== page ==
Title: “Suspensions of Concentration: Kimetsu no yaiba and Blockbuster in the Year of the Global Pandemic”
Date and Time: 15 March 2021 (09:30–17:30 JST)
Place and Format: Online/Webinar
The research project “Location of Anime: Institutions, Disciplines, and Fields” was originally planned as an international symposium/seminar at Waseda University’s Brussels Office in collaboration with its partner institution, the Université Libre de Bruxelles (ULB) in Fall 2020. Unfortunately, we had no choice but to cancel the event due to COVID-19. In the beginning, there was no plan to hold any alternative event online because we were too exhausted from a seemingly endless series of Zoom meetings and other online affairs. While contemplating the discontinuation of the project for good, a blockbuster anime movie was released in the midst of the coronavirus pandemic. 劇場版「鬼滅の刃」無限列車編 or Demon Slayer the Movie: Mugen Train was first shown on October 16, 2020, and as of this writing, it is the second highest-grossing film in Japan ever. Regardless of whether it surpasses the number one film Spirited Away or not, the significance of Demon Slayer the Movie is undeniable. Intrigued by both the film itself and the wide-ranging social phenomena it has created, we have decided to reorganize the original project by focusing on Kimetsu no yaiba or Demon Slayer.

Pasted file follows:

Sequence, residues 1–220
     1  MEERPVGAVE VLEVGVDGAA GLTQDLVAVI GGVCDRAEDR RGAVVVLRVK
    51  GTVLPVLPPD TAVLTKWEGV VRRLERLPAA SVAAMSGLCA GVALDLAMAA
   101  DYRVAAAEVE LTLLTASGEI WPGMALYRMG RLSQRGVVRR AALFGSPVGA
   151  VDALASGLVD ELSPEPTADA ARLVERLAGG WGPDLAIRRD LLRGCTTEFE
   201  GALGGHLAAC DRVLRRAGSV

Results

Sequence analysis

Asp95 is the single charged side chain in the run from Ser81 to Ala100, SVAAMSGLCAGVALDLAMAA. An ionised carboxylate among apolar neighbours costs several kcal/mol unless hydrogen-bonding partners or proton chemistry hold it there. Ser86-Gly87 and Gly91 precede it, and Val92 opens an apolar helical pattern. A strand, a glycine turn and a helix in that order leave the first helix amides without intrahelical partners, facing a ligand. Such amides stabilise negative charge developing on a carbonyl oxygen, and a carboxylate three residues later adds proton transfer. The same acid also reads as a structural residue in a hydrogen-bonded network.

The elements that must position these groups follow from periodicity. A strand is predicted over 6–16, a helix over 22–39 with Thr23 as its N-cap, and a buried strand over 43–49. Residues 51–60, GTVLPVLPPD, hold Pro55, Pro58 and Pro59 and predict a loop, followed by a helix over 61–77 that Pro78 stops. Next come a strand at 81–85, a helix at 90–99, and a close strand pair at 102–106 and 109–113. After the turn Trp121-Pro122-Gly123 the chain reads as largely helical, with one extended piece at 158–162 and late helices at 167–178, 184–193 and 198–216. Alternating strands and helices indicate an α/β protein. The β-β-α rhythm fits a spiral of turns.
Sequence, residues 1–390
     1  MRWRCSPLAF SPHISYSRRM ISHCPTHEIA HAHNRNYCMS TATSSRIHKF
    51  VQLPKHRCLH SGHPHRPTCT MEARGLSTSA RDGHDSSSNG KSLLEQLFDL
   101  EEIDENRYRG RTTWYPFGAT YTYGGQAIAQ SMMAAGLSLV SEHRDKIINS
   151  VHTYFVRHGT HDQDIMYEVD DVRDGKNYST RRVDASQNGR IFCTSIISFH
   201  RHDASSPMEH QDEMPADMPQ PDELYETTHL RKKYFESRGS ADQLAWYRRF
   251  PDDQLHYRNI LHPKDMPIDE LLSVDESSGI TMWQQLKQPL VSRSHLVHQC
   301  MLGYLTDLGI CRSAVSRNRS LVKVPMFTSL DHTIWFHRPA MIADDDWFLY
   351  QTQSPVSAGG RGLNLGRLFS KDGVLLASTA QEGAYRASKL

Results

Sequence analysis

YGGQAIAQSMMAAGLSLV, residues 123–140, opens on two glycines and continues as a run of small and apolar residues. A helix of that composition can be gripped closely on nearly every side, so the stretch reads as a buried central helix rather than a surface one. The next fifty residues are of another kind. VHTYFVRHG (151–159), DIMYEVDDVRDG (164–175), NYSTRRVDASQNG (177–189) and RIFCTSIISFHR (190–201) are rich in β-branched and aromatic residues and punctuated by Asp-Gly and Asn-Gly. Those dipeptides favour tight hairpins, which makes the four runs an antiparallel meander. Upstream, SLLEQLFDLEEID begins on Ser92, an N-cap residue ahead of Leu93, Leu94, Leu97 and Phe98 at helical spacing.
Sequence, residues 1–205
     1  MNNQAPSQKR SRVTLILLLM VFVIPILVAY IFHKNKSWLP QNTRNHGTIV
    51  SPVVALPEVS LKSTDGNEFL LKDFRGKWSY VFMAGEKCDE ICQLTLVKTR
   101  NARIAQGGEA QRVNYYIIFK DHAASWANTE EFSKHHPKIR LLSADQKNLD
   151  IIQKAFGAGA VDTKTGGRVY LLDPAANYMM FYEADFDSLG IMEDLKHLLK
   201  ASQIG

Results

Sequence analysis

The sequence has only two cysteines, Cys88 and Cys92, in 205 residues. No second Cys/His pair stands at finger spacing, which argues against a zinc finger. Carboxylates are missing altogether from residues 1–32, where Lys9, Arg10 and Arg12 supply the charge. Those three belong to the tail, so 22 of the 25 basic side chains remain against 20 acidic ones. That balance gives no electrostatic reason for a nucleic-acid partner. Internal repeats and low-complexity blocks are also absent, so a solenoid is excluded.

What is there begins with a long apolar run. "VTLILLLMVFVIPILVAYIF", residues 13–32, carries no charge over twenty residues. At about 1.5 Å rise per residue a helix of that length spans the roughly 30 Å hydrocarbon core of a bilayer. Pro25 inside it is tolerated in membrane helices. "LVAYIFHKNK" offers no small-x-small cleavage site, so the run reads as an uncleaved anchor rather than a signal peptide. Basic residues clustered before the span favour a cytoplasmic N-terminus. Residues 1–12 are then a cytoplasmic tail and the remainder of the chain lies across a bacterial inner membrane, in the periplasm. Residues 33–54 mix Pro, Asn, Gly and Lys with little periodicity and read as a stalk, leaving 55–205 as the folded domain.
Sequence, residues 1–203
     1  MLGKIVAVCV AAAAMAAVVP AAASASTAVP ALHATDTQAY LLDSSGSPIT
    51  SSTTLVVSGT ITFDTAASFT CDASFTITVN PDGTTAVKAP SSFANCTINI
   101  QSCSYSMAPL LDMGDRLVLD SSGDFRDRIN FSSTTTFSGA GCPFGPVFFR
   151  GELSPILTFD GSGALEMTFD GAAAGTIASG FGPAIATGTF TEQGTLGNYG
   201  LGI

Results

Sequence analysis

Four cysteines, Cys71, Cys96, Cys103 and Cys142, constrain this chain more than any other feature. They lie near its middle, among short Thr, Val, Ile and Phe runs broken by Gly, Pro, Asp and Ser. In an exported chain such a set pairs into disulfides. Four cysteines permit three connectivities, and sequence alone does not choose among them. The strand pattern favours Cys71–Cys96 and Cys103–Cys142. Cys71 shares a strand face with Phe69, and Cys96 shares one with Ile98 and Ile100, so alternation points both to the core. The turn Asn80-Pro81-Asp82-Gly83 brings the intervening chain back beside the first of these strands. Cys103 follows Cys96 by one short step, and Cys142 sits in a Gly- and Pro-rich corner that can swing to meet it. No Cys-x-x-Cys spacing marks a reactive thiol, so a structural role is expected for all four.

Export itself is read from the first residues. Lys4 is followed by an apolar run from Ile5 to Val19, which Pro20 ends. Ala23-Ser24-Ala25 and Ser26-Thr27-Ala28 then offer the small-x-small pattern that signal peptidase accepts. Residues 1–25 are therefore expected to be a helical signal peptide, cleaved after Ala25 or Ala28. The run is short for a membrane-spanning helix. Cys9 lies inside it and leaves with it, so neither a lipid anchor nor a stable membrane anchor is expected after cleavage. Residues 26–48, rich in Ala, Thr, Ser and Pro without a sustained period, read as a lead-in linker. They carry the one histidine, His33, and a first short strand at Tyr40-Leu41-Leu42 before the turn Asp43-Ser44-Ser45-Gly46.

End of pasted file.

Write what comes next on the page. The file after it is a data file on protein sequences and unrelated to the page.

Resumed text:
The main objective of our project remains the same, i.e., the investigation of the location of anime. This one-day online symposium is an attempt to accomplish this objective by exploring a wide range of issues that are concretely related to Kimetsu no yaiba yet have implications beyond the single media franchise. The following are examples of possible topics for presentations and discussions: the anime industry and media mix, fan culture, cosplay and social media, anime songs and music, voice acting and actors, genre systems, intertextuality, action and spectacle, speed and kinetic dynamism, narrative motifs, iconography, visual style, historical imagination, the political unconscious, affect, violence, censorship, gender and authorship, transnational reception and consumption, labor and marketing, COVID-19 and the culture industry, etc. By scrutinizing Kimetsu no yaiba in relation to these and other issues, we will collectively reflect on the location of anime in its broadest sense.
We invite papers that critically discuss any aspects of the Kimetsu phenomena including—but not limited to—the list of topics mentioned above. Please send a paper title, an abstract of approximately 250 words, and a short bio to email@example.com by January 9, 2021.
Mitsuhiro Yoshimoto (Waseda University)
Bryan Hartzheim (Waseda University)
This symposium is generously supported by Waseda University’s grant for international research collaboration, Waseda Brussels Office, and the Graduate School of International Culture and Communication Studies.